Dec 23, 2019

The link between Refugees and the Climate

Recently I was reading an article that sent a multiplicity of neurons in my brain firing off in several directions, making connections between seemingly disparate global and local issues. Toward the end of my thought process, I trailed back around to our system of planting moringa trees and fast-growing timber trees with South Sudanese refugees in northern Uganda.

The article stated that for perhaps the first time in recently recorded history, natural disasters provoked the majority of new internal displacement cases in 2018, surpassing conflict as the primary factor for driving people from their homes worldwide. 

Let's put some numbers to that. According to the Global Report on Internal Displacement, an annual assessment carried out by the Norwegian Refugee Council and the Internal Displacement Monitoring Centre, over 17 million people were newly displaced as a redult of weather and geophysical changes in 2018, compared to a roughly 10.8 million displaced by conflict. That means 61% of those forced from their homes within their country of origin were climate related, opposed to human-driven reasons such as war and conflict. 

This is big news, news that you probably won't see on CNN or even BBC. This puts climate-related migration on the map: not as a prediction of what will occur in coming years, but as reality today, and, according to this report, even last year. 

With the climate crisis only projected to get worse, than we can assume that these numbers will only grow in the coming years. Which means, that even if we manage to stabilize geopolitical tensions, the rate of global displacement will continue to rise.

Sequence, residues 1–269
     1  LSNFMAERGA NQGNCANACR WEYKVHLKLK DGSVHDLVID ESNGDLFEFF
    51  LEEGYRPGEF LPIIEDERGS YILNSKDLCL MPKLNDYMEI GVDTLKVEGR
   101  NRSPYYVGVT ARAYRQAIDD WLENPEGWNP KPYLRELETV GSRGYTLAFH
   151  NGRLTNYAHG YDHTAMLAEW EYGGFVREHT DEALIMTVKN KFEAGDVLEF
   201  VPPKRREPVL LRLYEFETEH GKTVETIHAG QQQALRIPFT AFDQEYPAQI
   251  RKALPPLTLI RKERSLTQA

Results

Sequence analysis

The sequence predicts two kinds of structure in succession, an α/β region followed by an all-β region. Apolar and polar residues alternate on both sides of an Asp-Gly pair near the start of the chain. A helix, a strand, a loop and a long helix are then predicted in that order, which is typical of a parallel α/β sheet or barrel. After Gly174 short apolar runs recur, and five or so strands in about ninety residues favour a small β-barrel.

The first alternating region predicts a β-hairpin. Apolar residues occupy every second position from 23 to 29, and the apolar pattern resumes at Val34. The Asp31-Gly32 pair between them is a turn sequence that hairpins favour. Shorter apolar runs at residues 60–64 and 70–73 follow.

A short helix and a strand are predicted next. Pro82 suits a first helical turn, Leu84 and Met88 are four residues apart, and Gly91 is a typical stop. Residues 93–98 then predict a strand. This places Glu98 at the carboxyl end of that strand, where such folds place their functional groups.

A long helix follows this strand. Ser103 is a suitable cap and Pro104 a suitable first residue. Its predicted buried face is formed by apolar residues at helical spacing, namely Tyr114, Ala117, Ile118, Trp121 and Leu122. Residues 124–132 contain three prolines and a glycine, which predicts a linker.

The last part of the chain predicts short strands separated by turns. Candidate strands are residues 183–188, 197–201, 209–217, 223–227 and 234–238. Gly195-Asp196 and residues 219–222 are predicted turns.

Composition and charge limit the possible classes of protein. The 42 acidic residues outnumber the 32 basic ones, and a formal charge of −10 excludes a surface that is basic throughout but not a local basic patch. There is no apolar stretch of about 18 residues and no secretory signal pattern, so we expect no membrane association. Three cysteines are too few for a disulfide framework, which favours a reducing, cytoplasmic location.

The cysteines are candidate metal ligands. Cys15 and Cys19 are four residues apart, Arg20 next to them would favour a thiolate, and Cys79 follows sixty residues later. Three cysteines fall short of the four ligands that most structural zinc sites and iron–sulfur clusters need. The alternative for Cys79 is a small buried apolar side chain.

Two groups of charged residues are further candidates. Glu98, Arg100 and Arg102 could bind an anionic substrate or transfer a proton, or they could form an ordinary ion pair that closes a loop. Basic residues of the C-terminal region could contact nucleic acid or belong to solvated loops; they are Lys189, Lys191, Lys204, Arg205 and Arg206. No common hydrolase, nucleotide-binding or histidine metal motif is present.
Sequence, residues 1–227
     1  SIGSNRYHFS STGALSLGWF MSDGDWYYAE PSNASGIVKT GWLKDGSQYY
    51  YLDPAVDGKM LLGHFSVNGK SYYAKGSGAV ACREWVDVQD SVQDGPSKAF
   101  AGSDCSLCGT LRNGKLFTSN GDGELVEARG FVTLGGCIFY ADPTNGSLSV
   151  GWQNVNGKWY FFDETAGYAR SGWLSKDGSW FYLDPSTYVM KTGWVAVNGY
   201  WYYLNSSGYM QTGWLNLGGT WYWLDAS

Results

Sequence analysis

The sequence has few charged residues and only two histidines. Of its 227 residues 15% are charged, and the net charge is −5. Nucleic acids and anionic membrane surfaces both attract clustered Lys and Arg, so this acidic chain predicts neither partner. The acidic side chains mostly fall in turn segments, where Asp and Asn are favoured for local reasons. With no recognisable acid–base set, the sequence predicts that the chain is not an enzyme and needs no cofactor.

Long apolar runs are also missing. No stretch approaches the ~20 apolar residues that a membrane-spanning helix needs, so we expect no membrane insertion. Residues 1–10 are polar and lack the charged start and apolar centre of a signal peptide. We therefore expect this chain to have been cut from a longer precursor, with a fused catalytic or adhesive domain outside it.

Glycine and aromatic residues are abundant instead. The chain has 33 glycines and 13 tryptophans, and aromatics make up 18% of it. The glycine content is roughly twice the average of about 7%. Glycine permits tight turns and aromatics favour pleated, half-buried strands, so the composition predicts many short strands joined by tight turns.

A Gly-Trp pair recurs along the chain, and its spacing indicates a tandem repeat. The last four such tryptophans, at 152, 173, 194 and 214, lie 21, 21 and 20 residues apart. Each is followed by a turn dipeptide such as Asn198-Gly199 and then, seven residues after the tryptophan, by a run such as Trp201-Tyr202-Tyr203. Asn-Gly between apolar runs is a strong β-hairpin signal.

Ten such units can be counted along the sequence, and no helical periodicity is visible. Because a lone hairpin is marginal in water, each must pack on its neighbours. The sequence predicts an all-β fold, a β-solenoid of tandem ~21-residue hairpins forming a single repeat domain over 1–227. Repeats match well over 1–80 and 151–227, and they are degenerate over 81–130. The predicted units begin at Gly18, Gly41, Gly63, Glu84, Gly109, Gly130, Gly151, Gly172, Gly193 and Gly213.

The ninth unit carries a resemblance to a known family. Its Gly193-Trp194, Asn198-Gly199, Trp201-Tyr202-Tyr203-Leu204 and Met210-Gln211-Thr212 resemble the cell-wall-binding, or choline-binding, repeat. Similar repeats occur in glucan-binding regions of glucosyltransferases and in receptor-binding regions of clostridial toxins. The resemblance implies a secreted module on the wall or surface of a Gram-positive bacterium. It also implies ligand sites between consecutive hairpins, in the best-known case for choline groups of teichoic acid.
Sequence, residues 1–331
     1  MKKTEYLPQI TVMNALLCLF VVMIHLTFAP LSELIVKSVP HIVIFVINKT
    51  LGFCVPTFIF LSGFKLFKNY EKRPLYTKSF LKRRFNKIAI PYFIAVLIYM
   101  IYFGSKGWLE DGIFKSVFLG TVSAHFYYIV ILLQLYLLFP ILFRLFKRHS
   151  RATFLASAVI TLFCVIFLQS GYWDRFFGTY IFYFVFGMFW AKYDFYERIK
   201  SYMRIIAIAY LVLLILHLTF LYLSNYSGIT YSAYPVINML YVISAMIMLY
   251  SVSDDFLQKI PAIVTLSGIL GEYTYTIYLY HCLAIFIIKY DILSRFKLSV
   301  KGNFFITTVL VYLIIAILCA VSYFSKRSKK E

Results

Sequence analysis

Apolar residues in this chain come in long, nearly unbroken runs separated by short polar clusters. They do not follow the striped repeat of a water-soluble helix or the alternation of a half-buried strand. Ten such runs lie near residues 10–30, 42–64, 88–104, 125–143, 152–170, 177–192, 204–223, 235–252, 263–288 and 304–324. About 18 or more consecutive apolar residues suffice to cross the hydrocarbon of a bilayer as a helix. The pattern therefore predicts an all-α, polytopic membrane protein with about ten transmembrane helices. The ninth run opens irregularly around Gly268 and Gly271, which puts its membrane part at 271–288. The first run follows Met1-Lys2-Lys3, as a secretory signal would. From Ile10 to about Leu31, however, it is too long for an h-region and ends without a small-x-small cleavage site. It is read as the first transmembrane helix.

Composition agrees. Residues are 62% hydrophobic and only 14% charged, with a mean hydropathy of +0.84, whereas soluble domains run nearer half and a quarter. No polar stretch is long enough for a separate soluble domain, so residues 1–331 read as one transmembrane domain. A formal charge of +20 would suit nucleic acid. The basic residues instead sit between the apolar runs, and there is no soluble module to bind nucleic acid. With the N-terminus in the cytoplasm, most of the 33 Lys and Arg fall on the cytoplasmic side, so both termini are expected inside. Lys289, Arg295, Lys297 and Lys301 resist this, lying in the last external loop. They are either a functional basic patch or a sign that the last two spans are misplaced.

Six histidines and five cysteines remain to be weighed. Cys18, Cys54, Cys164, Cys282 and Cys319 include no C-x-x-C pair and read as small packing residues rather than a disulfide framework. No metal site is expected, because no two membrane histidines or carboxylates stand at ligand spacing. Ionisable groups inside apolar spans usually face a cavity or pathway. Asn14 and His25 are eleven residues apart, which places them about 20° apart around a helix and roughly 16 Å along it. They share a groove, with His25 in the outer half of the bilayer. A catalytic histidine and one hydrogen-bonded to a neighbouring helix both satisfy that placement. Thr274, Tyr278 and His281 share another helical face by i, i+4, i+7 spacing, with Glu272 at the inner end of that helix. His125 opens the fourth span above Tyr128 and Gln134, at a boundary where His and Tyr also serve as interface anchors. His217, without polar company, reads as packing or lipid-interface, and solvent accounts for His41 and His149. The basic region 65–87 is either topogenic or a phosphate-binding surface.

Now, we realize that the majority of South Sudanese refugees in Uganda–whom we work with–were primarily driven from their homes due to a protracted conflict rather than climate insecurities. However, these new statistics are still relevant to our work with South Sudanese refugees. You see, our system aims to innovate the refugee service delivery system by building in sustainable and regenerative design into the very structure of refugee settlements and camps themselves. The system we designed is meant to be scalable and replicable in nearly all areas of the tropics–meaning that as global displacement continues with fervor, there are strategies in place to accomodate such an influx of displaced persons in a way that is also accounting for the need to address pressing climate issues, making sure that our strategies to deal with the effects of the climate crisis aren't contributing to the exacerbation of these issues. 

This is why we believe in tree-based and bio-mimicry-based solutions. We can look to nature to reveal patterns that we can apply to the problems we face in this day and age, and that can help us not only manage those problems but to fix them at their roots, not just their surface-level symptoms. 

Join us today to continue to supplement refugees' food rations with sustainable sources of nutrition, while also deterring further deforestation surrounding the camps–ensuring the longevity and fertility of the lands they inhabit. 

Sep 25, 2019

The Future of Native Seeds

Our farmers with their growing trees
Our farmers with their growing trees

Climate week is this week, and it couldn't have come at a more auspicious time. We've seen our Earth up in flames over the past few months, as if the Earth is speaking to us the only way she knows how, urging us to take action to protect our planet if we want to continue to inhabit it. It started with the ferocious fires in the Amazon, but happening congruently are the fires in the Congo Basin in central Africa.